Since July, and most notably in August and September, Samardzija has all but abandoned his cutter, and replaced it mostly with a dramatically increased reliance on his sinker. He threw the sinker nearly 20 percent of the time in September, and the Cubs will want to be wary because August and September have been by far Samardzija’s best months of the year. He’s got a 2.87 ERA in 69 1/3 innings since August 1, and he finished out the year with five very strong starts, in which he went at least six innings each time. His last start was best; he struck out 11 Rockies without allowing a run. It’s hard to summarize Samardzija, because his career has had so many different iterations. Suffice it to say: he’s not an ace, but don’t be surprised if he looks good.
The Giants’ lefty-heavy lineup is probably more appealing to Bruce Bochy than the one they ran out against the southpaw Lester on Friday. In addition to Brandon Belt, Connor Gillespie, Brandon Crawford, and the switch-hitting Angel Pagan, we’ll likely see Denard Span and Joe Panik in for Gorkys Hernandez and Tomlinson, respectively. Span will likely leadoff; Panik will be in the bottom half of the order. This is the Giants best lineup. It’s not powerful, but it’s deep, and as we’ve learned, even Gillespie can get to you if you’re not careful. Hendricks’ changeup has dazzled lefties all year; watch how it’s moving early on.
On the Cubs side, we’ll likely see Willson Contreras making his first playoff start. Though the Cubs will lose the platoon advantage in each game, they are likely to play Contreras with Hendricks in Game Two (the duo has produced a 1.51 ERA when together this year), and Miguel Montero with Arrieta in Game Three. Look for Joe Maddon to use the suddenly hot Montero off the bench as soon as Hendricks leaves the game, though.
The rest of the lineup leaves us with a few more questions. Maddon could decide to stick with Baez at second base, or he could go with either Chris Coghlan in left (and Zobrist at second) or Tommy La Stella at second (with Zobrist in left). None of these options jumps off the page; two of them give a platoon advantage, but each has defensive drawbacks. Maddon will have to weigh the defensive value of Baez at second behind Hendricks against whatever upgrade the lefties offer over Baez offensively (if any). We could also potentially see Jorge Soler’s playoff debut in left tomorrow, but I think we’re more likely to see him Monday against Madison Bumgarner, possibly spelling Jason Heyward for the night.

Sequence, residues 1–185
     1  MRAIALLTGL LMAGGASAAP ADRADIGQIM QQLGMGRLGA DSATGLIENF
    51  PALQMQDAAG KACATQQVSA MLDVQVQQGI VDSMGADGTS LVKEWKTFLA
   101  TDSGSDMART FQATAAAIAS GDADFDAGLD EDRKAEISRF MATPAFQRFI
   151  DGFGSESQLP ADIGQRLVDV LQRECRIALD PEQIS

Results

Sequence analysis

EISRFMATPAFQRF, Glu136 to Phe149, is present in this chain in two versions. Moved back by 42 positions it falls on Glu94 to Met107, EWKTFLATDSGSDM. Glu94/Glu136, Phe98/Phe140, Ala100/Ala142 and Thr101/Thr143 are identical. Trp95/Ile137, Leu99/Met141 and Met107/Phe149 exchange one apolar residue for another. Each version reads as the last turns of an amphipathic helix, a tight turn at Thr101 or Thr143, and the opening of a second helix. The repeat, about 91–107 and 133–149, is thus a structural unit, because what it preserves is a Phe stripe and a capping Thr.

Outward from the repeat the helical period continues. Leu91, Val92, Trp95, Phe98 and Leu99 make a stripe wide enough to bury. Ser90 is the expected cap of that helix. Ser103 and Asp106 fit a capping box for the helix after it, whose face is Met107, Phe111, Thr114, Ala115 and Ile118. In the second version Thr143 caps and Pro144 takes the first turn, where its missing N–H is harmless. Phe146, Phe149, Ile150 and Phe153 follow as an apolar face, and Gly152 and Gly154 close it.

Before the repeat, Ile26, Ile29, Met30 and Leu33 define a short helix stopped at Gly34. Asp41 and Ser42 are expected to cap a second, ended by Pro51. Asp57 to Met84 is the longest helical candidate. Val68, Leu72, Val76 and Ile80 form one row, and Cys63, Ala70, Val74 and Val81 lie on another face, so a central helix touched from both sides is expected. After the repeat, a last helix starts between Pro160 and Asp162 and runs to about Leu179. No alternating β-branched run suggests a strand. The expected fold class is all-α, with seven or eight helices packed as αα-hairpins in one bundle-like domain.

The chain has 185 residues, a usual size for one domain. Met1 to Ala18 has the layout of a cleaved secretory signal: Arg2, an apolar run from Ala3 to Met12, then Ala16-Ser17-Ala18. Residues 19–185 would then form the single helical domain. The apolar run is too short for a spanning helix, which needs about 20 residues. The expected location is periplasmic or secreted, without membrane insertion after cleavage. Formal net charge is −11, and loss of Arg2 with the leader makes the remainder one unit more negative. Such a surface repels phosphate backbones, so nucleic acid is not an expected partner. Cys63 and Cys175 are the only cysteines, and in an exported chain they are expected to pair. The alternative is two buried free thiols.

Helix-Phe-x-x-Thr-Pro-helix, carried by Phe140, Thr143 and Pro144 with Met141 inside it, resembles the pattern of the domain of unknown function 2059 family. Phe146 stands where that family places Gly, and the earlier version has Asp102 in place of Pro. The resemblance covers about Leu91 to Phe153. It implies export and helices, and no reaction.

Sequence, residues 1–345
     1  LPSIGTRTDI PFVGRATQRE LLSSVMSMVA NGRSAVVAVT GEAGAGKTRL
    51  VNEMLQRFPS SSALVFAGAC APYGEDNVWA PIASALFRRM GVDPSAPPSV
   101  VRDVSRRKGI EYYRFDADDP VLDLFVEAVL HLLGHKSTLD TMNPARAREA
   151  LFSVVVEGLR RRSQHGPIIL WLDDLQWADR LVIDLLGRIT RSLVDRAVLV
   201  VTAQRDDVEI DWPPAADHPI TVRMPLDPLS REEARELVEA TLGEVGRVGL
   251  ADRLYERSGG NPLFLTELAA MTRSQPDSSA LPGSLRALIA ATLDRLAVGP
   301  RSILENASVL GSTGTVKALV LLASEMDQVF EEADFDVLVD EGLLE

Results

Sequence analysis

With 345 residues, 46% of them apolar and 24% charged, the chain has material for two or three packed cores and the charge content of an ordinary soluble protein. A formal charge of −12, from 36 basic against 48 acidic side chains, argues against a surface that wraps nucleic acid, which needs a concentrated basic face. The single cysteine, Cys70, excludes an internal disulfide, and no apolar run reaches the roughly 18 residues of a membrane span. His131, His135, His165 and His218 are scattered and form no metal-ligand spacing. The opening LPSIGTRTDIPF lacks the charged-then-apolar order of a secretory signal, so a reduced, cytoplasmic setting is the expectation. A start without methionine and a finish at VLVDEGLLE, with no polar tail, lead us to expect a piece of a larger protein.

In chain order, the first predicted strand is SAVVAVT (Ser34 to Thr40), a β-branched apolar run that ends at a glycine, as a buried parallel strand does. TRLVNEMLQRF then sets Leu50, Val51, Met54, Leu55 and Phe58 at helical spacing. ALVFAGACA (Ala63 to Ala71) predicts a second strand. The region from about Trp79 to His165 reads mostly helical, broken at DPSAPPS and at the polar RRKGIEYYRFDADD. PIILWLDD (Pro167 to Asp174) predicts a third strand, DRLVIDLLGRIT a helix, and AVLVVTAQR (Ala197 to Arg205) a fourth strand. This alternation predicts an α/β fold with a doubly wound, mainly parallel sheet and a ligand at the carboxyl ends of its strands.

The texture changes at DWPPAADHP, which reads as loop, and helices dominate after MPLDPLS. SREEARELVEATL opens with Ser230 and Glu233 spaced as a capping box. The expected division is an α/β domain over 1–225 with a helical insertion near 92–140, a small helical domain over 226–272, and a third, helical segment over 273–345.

This was going to be a fuller section, but since Aroldis Chapman was the only pitcher used out of the ‘pen yesterday, not much has changed here. All pitchers will be available on both sides. The Cubs’ bullpen is still better than the Giants‘.
Game Two means what Game Two always means. It’s the chance to take a truly commanding lead of the series versus the chance of handing home-field advantage back to the Giants. It’s the difference between putting Madison Bumgarner’s back up against the wall in Game Three and giving him the chance to do the same to the Cubs (though Jake Arrieta certainly would have something to say about that). Each team will be incredibly motivated to win, and each team will have a very real chance at winning. There’s no way to predict the playoffs, except to say that we should see another beautiful and heart-wrenching game at Wrigley Field on Saturday night. It starts at 7 Central.
Lead photo courtesy Jerry Lai—USA Today Sports.